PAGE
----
Positive affirmations are a useful coping skill when learning how to respond to life’s stressors. They are one of the most common coping skills used in Cognitive Behavioral Therapy and I often encourage people to use them as the first line of defense against their symptoms of depression and anxiety. Following are some tips on how to create positive affirmations to help you better manage your daily stressors.
How To Create Positive Affirmations
First, put a stop to negative self-talk. Thoughts like…
• This won't work
• This is too hard
• I’m too old/young/overweight/ugly
…perpetuate negative life outcomes. Instead, you can take control of your subconscious mind by flooding it with believable positive affirmations daily and in every situation. (Hint: In order for positive affirmations to work, they must be in line with your specific values and beliefs, otherwise they will feel phony and inauthentic.)
Second, create statements in the present tense. This will get your brain to start thinking differently in the here and now. To get started finding the right positive affirmations, use your exact negative self-talk statements and turn them around. Remember to keep them present tense and avoid using the words "try" or "trying", but rather, list each statement as a fact. Some examples:
• I have energy, I can do this.
• I'm happy and content.
• I'm self-confident and worthy.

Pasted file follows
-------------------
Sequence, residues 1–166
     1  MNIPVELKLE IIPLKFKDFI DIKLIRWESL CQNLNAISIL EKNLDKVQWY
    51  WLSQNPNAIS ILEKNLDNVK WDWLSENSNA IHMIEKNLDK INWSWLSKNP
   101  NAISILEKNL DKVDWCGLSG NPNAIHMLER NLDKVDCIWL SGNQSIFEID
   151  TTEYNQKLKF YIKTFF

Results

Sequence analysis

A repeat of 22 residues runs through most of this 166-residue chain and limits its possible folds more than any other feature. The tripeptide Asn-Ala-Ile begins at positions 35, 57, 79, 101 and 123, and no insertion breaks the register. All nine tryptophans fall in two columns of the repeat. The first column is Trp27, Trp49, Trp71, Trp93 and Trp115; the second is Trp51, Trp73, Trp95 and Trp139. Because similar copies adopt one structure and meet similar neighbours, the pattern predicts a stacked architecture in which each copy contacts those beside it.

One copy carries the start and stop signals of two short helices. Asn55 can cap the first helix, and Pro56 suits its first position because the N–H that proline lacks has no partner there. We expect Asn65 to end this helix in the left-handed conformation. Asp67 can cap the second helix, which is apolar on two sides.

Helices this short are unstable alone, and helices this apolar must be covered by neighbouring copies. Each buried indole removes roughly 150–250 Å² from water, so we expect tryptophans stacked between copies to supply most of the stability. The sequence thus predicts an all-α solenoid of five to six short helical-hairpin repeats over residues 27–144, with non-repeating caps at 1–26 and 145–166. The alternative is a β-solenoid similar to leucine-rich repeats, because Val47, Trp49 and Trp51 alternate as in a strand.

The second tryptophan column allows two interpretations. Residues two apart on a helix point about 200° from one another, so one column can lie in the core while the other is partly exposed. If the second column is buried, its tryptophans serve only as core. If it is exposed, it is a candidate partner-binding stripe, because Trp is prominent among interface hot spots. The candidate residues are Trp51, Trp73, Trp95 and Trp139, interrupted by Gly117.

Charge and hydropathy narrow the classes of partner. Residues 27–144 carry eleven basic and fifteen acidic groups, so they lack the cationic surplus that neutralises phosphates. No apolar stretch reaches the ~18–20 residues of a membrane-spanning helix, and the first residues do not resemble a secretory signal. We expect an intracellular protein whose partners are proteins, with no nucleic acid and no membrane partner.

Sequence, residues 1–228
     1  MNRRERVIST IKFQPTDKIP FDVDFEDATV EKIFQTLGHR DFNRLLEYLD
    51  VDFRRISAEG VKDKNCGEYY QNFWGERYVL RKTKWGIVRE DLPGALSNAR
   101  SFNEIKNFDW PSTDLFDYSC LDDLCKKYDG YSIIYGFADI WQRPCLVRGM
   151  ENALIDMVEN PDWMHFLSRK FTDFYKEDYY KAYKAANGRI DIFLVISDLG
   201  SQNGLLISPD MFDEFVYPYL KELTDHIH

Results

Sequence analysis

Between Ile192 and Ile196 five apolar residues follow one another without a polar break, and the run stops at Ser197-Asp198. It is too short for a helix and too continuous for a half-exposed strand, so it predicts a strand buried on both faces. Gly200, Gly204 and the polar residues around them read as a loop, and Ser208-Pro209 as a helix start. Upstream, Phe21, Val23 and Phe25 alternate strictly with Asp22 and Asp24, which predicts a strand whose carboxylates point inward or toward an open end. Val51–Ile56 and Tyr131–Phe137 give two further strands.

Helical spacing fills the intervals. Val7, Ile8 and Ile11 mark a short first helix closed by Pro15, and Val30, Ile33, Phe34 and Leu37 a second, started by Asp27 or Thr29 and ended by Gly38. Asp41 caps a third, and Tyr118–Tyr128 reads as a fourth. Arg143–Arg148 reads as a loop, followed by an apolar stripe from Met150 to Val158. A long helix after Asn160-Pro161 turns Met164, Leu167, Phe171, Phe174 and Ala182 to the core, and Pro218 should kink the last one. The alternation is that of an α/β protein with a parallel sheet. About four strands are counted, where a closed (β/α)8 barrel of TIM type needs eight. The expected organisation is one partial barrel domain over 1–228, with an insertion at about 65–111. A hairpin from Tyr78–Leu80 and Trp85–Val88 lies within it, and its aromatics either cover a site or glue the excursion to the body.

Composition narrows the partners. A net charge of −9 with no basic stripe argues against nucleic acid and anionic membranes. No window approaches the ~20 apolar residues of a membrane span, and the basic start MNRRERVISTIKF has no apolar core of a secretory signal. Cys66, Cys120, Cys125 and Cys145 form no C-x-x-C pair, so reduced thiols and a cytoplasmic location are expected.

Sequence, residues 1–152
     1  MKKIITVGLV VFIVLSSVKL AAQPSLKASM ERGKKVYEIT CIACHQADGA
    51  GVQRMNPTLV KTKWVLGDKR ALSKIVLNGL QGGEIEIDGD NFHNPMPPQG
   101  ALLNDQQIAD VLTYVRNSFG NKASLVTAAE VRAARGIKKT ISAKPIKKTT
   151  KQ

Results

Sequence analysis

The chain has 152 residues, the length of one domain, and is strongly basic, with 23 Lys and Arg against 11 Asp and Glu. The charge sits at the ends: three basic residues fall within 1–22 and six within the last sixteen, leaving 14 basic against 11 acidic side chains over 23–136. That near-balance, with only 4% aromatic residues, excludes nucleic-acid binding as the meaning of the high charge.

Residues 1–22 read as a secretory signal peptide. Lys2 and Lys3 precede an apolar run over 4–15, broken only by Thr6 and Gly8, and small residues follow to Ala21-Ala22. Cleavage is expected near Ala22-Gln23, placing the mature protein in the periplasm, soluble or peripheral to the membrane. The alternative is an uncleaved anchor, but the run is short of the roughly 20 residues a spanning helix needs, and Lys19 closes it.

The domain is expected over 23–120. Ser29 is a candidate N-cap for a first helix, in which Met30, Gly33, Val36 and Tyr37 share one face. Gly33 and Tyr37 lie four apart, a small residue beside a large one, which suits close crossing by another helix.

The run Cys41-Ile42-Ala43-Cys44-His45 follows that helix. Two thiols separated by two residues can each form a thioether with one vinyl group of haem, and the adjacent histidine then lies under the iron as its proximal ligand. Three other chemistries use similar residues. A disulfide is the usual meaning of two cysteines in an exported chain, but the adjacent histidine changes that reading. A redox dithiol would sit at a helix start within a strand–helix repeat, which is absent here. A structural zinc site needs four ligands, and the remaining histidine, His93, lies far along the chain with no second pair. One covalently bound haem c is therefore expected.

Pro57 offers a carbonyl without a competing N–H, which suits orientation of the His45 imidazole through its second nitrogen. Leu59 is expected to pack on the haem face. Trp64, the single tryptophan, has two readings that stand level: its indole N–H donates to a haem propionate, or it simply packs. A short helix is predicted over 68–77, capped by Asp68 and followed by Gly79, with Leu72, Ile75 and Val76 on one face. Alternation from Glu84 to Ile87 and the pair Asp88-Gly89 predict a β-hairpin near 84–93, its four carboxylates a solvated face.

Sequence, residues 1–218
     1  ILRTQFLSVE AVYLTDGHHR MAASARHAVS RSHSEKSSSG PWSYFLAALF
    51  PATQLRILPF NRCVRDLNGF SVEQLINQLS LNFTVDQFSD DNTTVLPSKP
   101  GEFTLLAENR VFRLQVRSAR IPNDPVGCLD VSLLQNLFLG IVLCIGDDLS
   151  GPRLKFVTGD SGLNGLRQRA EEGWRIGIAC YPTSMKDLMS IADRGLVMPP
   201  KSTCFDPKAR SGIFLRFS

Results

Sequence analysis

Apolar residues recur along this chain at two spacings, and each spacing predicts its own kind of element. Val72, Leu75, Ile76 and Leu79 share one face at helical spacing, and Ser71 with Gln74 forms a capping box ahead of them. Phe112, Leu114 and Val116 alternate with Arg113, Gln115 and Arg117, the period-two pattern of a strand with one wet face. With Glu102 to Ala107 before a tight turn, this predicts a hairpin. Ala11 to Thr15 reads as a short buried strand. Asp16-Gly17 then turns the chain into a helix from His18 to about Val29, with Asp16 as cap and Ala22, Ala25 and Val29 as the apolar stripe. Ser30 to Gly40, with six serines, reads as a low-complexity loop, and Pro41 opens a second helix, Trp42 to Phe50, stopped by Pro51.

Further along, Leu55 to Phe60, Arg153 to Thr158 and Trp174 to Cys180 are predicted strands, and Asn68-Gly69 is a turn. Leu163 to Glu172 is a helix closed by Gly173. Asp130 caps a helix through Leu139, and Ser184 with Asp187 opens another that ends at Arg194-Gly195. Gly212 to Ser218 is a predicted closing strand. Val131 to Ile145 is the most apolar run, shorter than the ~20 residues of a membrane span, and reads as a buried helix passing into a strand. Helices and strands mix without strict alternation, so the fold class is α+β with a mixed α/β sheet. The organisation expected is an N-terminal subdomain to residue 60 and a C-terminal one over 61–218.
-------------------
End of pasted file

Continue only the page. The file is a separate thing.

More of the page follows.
• My body is healthy and strong.
• I comprehend and retain what I study.
• My mind is relaxed. I am calm and in control of my thoughts.
• I feel love and I give love.
Third, give yourself 5 extra minutes in the bathroom (or the car, or the bed, or wherever your own personal safe space is) to imagine that you exist in a universe where these affirmations are already true and real. Repeat these affirmations to yourself regularly until you truly own them.
Do Positive Affirmations Really Work?
Watching 16-year-old Laurie Hernandez of the U.S. women's gymnastics team at the 2016 Olympic Summer Games in Rio de Janeiro was proof positive. This extraordinary athlete was seen several times mouthing the words, "I've got this". No matter what kind of pressure she faced, she gave herself one final positive affirmation before beginning each event.
People who experience low self-esteem or depression have the most to benefit from positive affirmations. It is ironic, therefore, that this is also a segment of the population that struggles the most with coming up with the right positive affirmations, using them consistently, and believing them. Just know that if the positive affirmations you come up with are a part of your value system, your subconscious will accept them as truth and attract more situations and outcomes that are positive.
A trained therapist can really help you dig into your values and needs to find those positive affirmations that are customized to you. They will also act as an accountability partner to get you to use these affirmations routinely until they work.